Indian Time - A Voice from the Eastern Door

New Center for Indigenous Cancer Research at Roswell Park has Regional Focus, Global Reach

First its kind in the Northeast & networking that extends from Canada to the South Pacific

 


BUFFALO. Growing up on the Seneca Nation in Western New York, Rodney Haring, PhD, MSW, learned the concept of “The Good Mind” largely from the matrilineal voices in his community. He calls this philosophy, which is one of the shaping principles of the Haudenosaunee people, “a strength from awareness of purpose, thoughts and actions towards well-being.”

“These lessons taught me that every situation you’re in, you do your best to leave the encounter with a handshake or a nod,” Dr. Haring says, “because you don’t know what the next hour, day or year will bring.”

Now he is building that philosophy into the work of the Center for Indigenous Cancer Research at Roswell Park Comprehensive Cancer Center, the first initiative of its kind in the Northeast, dedicated to reducing cancer’s impact on Indigenous communities regionally, nationally and internationally.

Working with partners across North America, center staff will coordinate educational events, host health screenings, conduct research and develop action plans to address not only health disparities but larger issues that impact wellness, such as humans’ relationship to the environment. Dr. Haring, who leads the new center as Director, highlights what can be gained from applying lessons from both academic medicine and Indigenous knowledge.

“The creation of this center, which will be inspired by Indigenous knowledge and ancestral wisdom, is historic and monumental,” he says. “Roswell Park’s Center for Indigenous Cancer Research will not only advance cutting-edge cancer research to, for and with Indigenous populations, it will lead to translatable science, medicine and cancer care for Indigenous territories, Nations and populations worldwide. And through our focus on educational opportunities, the center will expand Roswell Park’s values of commitment, hope, respect and inspiration for generations to come.”

“The Center for Indigenous Cancer Research will tackle some of the most persistent challenges in health equity, applying a unique set of resources to improve the lives of people both near and far,” says Candace S. Johnson, PhD, President & CEO and M&T Bank Presidential Chair in Leadership at Roswell Park. “We’re so proud of Dr. Haring and all he and his team have accomplished, and are deeply grateful to all the partners and ambassadors who will help us to do this important work.”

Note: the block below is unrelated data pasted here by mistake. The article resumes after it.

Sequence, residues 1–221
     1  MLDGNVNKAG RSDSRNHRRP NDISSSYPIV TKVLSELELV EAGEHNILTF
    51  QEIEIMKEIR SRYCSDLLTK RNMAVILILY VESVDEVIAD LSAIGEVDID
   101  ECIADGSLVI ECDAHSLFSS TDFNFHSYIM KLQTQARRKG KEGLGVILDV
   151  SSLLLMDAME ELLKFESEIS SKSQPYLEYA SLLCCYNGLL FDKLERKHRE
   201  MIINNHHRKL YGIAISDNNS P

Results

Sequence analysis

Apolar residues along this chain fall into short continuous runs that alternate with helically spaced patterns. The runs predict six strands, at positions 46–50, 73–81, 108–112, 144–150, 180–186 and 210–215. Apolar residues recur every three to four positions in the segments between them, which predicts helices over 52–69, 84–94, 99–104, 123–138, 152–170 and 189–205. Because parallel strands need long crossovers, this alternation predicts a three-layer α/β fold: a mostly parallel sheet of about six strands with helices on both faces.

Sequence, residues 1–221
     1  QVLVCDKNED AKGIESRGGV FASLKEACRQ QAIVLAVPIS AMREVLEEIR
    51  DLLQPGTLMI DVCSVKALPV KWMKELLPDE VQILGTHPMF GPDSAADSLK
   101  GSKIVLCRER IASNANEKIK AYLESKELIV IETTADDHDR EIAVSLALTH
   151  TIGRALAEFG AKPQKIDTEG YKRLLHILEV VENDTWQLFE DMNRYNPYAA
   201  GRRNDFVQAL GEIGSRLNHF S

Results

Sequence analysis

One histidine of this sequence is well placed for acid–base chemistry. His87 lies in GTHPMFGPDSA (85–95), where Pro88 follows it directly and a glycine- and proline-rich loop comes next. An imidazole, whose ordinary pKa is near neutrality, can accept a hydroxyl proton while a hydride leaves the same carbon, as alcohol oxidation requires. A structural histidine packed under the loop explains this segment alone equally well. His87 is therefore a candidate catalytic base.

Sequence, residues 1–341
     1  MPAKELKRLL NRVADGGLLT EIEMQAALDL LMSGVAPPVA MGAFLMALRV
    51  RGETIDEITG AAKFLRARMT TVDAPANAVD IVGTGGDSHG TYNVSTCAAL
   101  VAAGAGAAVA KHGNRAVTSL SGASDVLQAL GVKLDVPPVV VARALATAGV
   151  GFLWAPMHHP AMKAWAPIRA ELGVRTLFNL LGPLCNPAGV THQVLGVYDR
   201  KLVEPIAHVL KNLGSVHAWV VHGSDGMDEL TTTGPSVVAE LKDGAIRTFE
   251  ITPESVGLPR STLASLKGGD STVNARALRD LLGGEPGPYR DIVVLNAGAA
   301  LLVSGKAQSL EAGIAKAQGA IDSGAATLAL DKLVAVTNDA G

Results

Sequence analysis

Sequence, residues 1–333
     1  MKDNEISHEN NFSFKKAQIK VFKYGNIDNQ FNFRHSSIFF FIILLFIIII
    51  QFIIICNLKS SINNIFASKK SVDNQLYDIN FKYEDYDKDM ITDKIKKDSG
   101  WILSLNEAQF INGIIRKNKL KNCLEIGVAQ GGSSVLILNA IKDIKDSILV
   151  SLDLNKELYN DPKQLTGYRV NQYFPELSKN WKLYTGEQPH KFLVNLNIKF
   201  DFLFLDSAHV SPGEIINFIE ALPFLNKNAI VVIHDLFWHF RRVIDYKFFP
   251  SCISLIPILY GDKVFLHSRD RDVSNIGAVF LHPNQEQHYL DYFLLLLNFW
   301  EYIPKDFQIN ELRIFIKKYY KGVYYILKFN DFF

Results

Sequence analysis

“The Seneca Nation appreciates the work that Roswell Park and Dr. Haring are conducting in Native communities to ensure that comprehensive cancer care addresses the unique circumstances of Native communities when dealing with cancer, including prevention education,” says Seneca Nation President Rickey L. Armstrong Sr. “We look forward to our continued collaborative relationship with Dr. Haring and Roswell Park.”

Roswell Park has collaborated with several sovereign nations, including the Seneca and Tuscarora, and is now extending these efforts well beyond Western New York. Dr. Haring and colleagues have initiated collaborations with two ancestrally related nations, the Akwesasne Mohawk in northern New York State and the Kahnawake Mohawk territory near Montreal, Quebec, working with tribal leaders, health-delivery teams and rural providers to conduct roundtable discussions focused on cancer care quality improvement, research and envisioning future projects.

“One of our goals is to ensure a culturally attuned cancer care continuum from prevention through to survivorship and palliative care,” says Dr. Haring. “That’s really important in a community where we see disparities in many cancers as well as co-occurring conditions affecting Indigenous communities. We also will work to improve education about cancer screening and clinical trials, and we won’t do this work alone. Collaboration will be a hallmark of this center and will be built into everything we do.”

The center fulfills some of the benchmarks established through Roswell Park’s 2016 collaborative agreement with the Indian Health Service of the U.S. Department of Health and Human Services, another first-of-its-kind initiative focused on health care, cancer prevention, facilitation of research and expansion of career and educational opportunities.

The center’s work is being led by Dr. Haring along with an intertribal Community Advisory Board and three additional dedicated staff members: Whitney Ann Henry (Tuscarora), Clinical Research Associate; William Maybee (Seneca), Community Relations Coordinator; and Josie Raphaelito, MPH (Dine/Navajo), Research Project Coordinator. Key to its efforts will be partnerships with Indigenous communities across North America, including ongoing interactions with Native American, Alaska Native, Native Hawaiian, First Nations, Inuit and Metis communities.

Since he joined the Office of Community Outreach and Engagement within Roswell Park’s Department of Cancer Prevention and Control in 2015, Dr. Haring and colleagues have earned more than $2.1 million toward initiatives in Indigenous communities from the National Institutes of Health, National Cancer Institute, Robert Wood Johnson Foundation, Aetna Foundation, Roswell Park Comprehensive Cancer Center and Roswell Park Alliance Foundation.

The team has built an international collaborative research network with Indigenous researchers from as far away as Norway, New Zealand and Pacific Island Nations. Their work has been marked by extensive collaboration on outreach and prevention initiatives in both Native urban settings and rural Indigenous territories and has helped create learning and internship opportunities for Indigenous high school and college students.

 

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